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Do you use your mobile phone while driving...it could cost you more than your licence
- AuthorAndy Munden
We all know the hazards of using our mobile phones when we’re driving, and it’s easy to be tempted, but do we consider the implications before we do? Is it one of those situations where we think, “I won’t get caught” or “It won’t happen to me”? Figures from the Department for Transport have shown that 492 road traffic accidents were caused in Britain in 2014 because the driver was impaired or distracted by their phone. Unfortunately, 21 of these were fatal, and 84 classed as serious.
This news follows an RAC survey which has shown that 31% of motorists, 11 million people, have used a handheld phone when behind the wheel, a shocking increase from 8% in 2014. The results also show the following concerning details:
- The number of drivers who sent a message or posted on social media rose from 7% to 19% since 2014,
- 14% said they had taken a photograph or video while driving,
- 14% believe it’s acceptable to take a quick call on a handheld mobile, a figure that’s doubled since 2014,
- 78% of drivers think it’s unacceptable to take a call while driving, a percentage which is down from 84% in 2014.
What is the law around using mobile phones whilst driving?
It is illegal to use your handheld mobile phone whilst driving a car or riding a motorcycle. If caught, you can get an automatic fixed penalty notice, three points and a £100 fine, but if taken to Court you could be fined £1,000 and have your licence removed.
The government is due to publish the results of a consultation which proposes tougher punishments for illegal mobile use by drivers, with the fine rising from £100 to £150 and points given to rise from three to four. HGV drivers will face tougher punishments.
Why are people still using mobile phones whilst driving when they know the risks?
The RAC survey showed that 7% of those who admitted using a phone did so because they knew they could get away with it. There has been a decrease in the number of full time dedicated road traffic offices in the last five years, meaning that drivers do not fear being caught.
When looking at other reasons, 23% of people claimed it was an emergency, 21% said they needed information for their journey and shockingly, 12% said it was habit.
What to do with your mobile phone when driving
If you think you could be tempted to look at your phone while driving, the best thing to do is to lock it away in your glove compartment or put it in your bag. This way you won’t be distracted by any messages or calls coming through. If you do need to use your phone for an emergency, pull over when it’s safe to do so.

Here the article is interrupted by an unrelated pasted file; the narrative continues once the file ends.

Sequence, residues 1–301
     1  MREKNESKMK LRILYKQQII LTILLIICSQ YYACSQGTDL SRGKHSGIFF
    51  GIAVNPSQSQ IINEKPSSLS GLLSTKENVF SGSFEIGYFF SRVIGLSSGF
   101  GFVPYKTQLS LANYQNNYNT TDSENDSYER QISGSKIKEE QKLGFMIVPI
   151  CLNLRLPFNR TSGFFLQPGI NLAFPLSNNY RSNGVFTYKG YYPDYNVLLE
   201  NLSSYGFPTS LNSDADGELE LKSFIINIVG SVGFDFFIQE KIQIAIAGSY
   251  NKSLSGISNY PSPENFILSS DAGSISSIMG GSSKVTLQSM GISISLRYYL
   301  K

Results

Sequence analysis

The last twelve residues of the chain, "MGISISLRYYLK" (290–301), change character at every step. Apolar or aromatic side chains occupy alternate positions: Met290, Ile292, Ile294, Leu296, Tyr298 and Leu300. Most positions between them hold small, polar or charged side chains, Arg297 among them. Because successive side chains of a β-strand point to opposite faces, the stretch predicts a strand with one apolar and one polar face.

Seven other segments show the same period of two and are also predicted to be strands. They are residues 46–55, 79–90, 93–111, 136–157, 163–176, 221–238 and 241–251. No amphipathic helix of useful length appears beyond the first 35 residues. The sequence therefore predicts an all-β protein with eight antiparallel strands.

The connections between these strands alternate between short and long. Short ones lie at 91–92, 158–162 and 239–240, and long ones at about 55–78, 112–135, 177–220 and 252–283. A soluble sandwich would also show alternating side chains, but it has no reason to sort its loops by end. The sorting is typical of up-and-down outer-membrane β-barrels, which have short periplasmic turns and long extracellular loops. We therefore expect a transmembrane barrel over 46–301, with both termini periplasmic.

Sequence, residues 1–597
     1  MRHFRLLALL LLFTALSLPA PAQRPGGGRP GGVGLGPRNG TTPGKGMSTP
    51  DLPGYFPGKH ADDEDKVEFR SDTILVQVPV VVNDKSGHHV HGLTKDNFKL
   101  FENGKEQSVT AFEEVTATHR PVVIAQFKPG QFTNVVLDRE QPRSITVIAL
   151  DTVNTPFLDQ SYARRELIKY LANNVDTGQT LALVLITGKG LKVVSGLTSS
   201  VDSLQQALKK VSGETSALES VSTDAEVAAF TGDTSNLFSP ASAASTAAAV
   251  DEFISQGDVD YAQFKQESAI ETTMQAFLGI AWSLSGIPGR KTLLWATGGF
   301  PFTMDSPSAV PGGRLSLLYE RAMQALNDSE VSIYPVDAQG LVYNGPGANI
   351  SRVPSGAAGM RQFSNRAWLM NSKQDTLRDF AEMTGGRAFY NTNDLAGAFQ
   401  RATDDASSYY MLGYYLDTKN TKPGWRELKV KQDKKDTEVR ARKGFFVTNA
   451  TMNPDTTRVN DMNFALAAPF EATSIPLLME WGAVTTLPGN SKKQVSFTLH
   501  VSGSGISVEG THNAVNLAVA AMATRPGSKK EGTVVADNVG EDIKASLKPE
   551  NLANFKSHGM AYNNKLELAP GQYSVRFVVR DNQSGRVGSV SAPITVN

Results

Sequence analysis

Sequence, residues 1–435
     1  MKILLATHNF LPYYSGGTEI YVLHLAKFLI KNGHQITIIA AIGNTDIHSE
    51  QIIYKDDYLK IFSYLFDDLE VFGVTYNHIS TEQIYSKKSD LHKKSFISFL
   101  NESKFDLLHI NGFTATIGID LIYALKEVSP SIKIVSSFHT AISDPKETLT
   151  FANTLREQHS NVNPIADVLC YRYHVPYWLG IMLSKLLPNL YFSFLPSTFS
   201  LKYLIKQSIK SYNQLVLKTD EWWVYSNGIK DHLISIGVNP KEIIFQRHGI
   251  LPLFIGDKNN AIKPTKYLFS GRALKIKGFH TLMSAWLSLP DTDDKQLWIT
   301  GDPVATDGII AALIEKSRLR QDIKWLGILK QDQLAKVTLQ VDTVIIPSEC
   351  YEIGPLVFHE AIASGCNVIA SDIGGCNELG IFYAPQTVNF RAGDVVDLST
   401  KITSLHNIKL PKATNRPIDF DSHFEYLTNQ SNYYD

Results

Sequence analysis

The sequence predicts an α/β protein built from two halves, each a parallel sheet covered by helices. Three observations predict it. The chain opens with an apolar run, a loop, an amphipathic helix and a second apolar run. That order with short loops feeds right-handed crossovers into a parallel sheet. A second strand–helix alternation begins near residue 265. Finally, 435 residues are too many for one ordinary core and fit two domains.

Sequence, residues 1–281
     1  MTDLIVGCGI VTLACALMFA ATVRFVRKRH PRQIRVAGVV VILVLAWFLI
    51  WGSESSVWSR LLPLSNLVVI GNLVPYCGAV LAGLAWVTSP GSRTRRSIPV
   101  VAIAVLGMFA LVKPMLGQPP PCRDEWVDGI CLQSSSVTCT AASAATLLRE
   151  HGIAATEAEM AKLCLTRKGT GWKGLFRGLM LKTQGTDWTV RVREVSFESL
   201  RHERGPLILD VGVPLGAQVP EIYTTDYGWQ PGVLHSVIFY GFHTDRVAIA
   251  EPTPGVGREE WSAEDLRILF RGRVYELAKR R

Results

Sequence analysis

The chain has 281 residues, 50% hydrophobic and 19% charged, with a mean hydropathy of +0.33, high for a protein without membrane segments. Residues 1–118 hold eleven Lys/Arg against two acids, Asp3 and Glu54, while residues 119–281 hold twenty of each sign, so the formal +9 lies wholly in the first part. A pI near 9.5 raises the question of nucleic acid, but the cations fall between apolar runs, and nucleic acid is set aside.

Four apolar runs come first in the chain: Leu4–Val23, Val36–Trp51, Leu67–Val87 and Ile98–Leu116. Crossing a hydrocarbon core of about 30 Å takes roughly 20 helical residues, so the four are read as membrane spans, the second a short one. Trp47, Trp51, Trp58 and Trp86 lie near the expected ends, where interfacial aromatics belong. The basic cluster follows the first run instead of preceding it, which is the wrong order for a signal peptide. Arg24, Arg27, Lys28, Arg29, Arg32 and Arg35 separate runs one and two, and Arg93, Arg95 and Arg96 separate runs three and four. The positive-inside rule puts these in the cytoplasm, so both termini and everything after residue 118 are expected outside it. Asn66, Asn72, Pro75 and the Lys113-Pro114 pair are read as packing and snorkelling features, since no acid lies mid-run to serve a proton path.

When releasing their figures the RAC commented that the use of handheld mobiles was “the biggest road safety concern among motorists today,” and here at Warner Goodman LLP we couldn’t agree more. Andy Munden, Personal Injury Partner for the Hampshire based law firm, commented, “Getting behind the wheel and using your mobile phone should have the same stigma and legal consequences as drink driving; both actions leave the driver not in control of the vehicle with reduced reaction times. If you are considering using your mobile if a text or call comes through, or you’re stuck in traffic and want to pass the time, then take a minute and think of the consequences. Ask yourself the question, can what you’re doing wait until you can pull over or until you arrive at your destination; is it urgent enough to risk yours and another persons life.”
Andy concludes, “Unfortunately we see too often the consequences of road traffic accidents, some of which are caused by drivers using their mobile phones. We are corporate donors of road safety charity, Brake, and with Road Safety Awareness Week approaching in a couple of months, we’re keen to promote safety behind the wheel and reduce the number of accidents coming through our doors every day.”
For more information about the law surrounding mobile use when driving, you can visit the government website here. If you’d like to be involved in the upcoming Road Safety Week, Brake’s website has all the details. Alternatively, you can find out more about Warner Goodman’s Injury team here.
This is for information purposes only and is no substitute for, and should not be interpreted as, legal advice. All content was correct at the time of publishing and we cannot be held responsible for any changes that may invalidate this article.